Members of the Congressional Black Caucus huddled together to hear the Chauvin verdict, replacing a tense moment for the caucus with sighs of relief, and for some jubilation.
"Someone said it better than me: I'm not celebrating, I'm relieved," Waters said after the jury announced its decision.
Even several Democrats who are personally uncomfortable with Waters’ rhetoric said they would refuse to reprimand her while letting Republicans such as Rep. Mo Brooks (R-Ala.) go unpunished for his provocative speech during a Jan. 6 rally hours before a pro-Donald Trump mob attacked the Capitol.
Rep. Susan Wild (D-Pa.), among several Democrats who considered voting to censure her colleague, said she was "deeply concerned about [Waters'] word choice" but ultimately did not think it compared to the conduct of some of her GOP colleagues in recent weeks.
For those Democrats wary of Waters’ remarks, censuring their own colleague while ignoring what’s been said by their GOP counterparts — several of whom Democrats have accused of helping to incite the Capitol riot — would smack of hypocrisy. Then there's first-term Rep. Marjorie Taylor Greene (R-Ga.), who has a long history of promoting extremist rhetoric online and was booted off her House committees for endorsing violence against Pelosi.
"I had to weigh it long and hard because of the votes we’ve taken earlier this year," Wild said, referring to the House votes to strip Greene off her committees. "I don't think it rises to that level. But it was not an easy vote."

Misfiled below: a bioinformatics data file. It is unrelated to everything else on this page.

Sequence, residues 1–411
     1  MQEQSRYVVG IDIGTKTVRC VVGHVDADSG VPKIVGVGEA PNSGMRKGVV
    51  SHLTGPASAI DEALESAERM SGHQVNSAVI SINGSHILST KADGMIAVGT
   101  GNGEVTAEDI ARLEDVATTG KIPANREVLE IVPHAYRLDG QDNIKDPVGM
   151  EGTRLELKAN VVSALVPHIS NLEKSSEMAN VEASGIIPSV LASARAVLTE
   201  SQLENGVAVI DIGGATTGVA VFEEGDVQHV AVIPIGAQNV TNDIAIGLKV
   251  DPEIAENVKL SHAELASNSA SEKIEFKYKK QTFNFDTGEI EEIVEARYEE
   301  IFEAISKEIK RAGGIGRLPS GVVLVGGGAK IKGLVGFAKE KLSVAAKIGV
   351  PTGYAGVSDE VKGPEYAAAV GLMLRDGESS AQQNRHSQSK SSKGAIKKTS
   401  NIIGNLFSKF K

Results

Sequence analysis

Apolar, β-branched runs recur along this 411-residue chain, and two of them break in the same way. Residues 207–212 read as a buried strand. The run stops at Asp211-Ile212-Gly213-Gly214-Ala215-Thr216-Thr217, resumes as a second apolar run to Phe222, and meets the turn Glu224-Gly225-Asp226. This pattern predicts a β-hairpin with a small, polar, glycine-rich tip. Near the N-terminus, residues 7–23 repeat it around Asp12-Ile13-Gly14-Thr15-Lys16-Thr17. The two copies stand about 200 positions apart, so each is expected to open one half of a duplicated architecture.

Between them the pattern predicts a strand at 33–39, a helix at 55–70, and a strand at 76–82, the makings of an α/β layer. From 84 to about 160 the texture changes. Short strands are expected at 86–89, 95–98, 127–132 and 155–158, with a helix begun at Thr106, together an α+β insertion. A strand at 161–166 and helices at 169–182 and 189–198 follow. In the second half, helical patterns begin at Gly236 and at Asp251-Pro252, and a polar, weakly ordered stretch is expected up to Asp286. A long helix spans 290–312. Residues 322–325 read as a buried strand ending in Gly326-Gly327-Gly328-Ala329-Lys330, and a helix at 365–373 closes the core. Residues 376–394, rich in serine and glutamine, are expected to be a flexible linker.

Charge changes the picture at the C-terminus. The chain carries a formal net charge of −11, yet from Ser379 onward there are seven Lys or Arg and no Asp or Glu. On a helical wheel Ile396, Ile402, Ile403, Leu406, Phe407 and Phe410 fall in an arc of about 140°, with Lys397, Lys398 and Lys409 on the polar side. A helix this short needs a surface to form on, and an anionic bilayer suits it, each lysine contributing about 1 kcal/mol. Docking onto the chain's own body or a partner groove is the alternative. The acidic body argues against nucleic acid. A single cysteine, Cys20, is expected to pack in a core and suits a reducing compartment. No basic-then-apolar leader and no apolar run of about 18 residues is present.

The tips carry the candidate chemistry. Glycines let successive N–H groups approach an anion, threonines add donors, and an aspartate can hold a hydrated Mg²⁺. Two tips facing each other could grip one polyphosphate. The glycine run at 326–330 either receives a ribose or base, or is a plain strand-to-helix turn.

Adding to complications on the resolution, some lawmakers were concerned that punishing Waters — or any member, for that matter — could lead to the weaponization of similar resolutions down the line. Such votes are relatively uncommon in the House, and both parties are typically reluctant to punish their own members on the floor.
In recent years, the House has voted on measures to rebuke Rep. Ilhan Omar (D-Minn.) and former Rep. Steve King (R-Iowa), for instance, but only after intense pressure from both sides. Republicans had planned to use Tuesday’s censure vote to tie vulnerable Democrats to Waters, long a liberal bogeywoman for the GOP.
For many members, the debate over whether to punish Waters, a veteran member of the Congressional Black Caucus, reopened a painful schism over how Congress can proceed to normal business — and relationships — after Jan. 6. The GOP’s censure push quickly turned into a moment of judgment for several other lawmakers who have courted controversy with their conduct since the fraught 2020 election concluded.
“I think it’s a totally phony effort to distract from what the Republicans know has been the rhetoric of so many of their members, which has aided and abetted and condoned violent activity,” said House Majority Leader Steny Hoyer. The Maryland Democrat fiercely defended Waters hours after the judge in the Chauvin trial stunned many in Washington, D.C., by criticizing Waters' remarks from the bench.